An international team of researchers has devised a method of reverse engineering code stored in biometric databases to fool iris recognition systems.
Iris recognition systems are currently deployed by corporations and law enforcement entities around the world, including at Amsterdam's Schiphol Airport and Google's data centres.
Such systems typically scan individuals' irises to produce code that is then filed in a database and used for future matching.
Professor Javier Galbally of the Universidad Autonoma de Madrid told the Black Hat conference last week that his team had developed a genetic algorithm to reproduce images of individuals' irises by reverse engineering the database code.
Australia has yet to introduce privacy laws to govern the use and storage of biometric information, despite moves to revoke an unsuccessful, voluntary industry code (pdf) earlier this year.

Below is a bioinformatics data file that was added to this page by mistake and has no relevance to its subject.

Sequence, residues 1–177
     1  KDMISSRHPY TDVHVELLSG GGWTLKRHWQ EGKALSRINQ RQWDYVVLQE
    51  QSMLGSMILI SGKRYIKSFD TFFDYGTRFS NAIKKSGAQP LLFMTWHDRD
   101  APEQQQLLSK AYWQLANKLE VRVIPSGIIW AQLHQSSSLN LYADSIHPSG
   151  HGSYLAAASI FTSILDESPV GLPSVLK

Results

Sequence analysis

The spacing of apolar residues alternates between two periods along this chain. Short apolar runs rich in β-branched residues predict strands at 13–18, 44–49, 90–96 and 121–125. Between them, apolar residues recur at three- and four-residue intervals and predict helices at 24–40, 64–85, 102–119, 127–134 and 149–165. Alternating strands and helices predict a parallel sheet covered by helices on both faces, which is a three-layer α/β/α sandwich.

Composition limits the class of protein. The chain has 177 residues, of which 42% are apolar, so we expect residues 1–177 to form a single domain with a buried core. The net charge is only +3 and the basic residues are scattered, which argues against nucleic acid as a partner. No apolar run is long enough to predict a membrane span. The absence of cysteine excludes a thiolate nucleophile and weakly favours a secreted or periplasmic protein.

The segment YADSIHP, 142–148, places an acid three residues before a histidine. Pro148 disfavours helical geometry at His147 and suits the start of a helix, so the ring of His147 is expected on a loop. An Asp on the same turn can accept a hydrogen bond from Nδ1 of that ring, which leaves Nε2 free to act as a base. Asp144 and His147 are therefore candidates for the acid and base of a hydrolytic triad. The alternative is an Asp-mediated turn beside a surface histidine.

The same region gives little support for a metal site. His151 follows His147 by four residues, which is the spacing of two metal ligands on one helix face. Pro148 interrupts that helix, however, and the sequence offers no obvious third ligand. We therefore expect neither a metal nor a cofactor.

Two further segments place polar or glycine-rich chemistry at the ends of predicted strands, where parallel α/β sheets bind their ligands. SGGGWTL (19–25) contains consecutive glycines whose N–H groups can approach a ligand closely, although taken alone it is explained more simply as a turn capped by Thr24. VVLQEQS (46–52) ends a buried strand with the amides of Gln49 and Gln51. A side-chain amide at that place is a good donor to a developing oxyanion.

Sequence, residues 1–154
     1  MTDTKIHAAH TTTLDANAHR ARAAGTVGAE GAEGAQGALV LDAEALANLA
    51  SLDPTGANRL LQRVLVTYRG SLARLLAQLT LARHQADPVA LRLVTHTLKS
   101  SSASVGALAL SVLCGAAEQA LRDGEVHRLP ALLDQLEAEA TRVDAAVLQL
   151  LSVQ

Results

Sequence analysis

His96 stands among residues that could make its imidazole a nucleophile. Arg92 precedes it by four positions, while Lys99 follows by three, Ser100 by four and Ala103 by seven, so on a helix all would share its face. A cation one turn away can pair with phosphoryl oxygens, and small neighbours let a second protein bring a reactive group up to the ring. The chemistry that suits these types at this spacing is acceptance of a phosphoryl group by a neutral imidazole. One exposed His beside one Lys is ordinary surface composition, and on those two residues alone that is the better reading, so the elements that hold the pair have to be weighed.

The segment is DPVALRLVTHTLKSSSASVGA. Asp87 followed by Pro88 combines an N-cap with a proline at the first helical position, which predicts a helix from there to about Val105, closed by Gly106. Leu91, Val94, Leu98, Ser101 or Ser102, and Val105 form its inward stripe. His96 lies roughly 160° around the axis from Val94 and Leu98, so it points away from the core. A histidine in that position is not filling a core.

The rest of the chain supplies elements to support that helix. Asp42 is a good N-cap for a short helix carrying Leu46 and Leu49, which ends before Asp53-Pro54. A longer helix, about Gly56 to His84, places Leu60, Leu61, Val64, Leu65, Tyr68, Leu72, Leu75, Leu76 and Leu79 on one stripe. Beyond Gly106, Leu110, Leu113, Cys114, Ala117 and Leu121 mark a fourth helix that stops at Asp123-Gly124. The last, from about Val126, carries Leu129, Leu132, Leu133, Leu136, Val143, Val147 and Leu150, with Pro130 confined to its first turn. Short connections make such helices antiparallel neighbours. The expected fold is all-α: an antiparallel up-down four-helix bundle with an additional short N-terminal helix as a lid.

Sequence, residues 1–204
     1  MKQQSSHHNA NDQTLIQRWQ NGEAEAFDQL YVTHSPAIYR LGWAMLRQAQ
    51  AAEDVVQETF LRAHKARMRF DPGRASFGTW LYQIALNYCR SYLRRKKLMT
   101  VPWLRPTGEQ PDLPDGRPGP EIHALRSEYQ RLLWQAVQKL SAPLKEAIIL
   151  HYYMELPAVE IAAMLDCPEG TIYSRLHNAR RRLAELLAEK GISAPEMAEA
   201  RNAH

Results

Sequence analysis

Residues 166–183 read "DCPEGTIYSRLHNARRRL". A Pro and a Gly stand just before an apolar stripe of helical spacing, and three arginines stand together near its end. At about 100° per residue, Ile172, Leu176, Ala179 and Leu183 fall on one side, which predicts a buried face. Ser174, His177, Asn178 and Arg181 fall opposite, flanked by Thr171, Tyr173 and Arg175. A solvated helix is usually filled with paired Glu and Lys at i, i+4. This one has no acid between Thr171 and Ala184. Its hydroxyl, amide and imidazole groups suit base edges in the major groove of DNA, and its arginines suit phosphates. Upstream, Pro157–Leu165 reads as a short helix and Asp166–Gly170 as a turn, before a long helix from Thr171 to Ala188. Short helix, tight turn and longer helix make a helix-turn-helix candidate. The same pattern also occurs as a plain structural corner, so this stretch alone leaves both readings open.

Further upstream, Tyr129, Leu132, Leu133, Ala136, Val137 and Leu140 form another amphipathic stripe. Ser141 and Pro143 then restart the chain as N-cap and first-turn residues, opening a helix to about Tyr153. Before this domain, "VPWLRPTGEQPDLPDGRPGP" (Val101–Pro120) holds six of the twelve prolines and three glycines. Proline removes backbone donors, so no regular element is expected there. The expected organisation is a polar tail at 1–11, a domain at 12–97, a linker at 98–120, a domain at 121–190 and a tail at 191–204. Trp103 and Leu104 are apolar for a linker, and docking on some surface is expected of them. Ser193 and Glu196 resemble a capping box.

Hackers could then fool security systems by printing the image out to be scanned by the recognition system, for example, by patching the image onto a contact lens to be worn by the attacker.
Galbally said the iris provided among the most reliable forms of identification -- even better than fingerprints -- but "the main problem with the iris is the acquisition".
"Sensors are more expensive, and it's more difficult to acquire because you need more cooperation from the users," he noted.
"The commercial [iris] system only looks for the iris [code] and not an actual eye."
Galbally said there had not been any breaches reported as a result of a bypassing iris recognition systems through synthetic iris images.
"You never know if it's going to be dangerous or not, but the vulnerability is there," he said. "It's good that people are aware that these vulnerabilities exist."
Galbally's research was done in partnership with the West Virginia University in the US and the Biometric Recognition Group-ATVS.
This article originally appeared at scmagazineus.com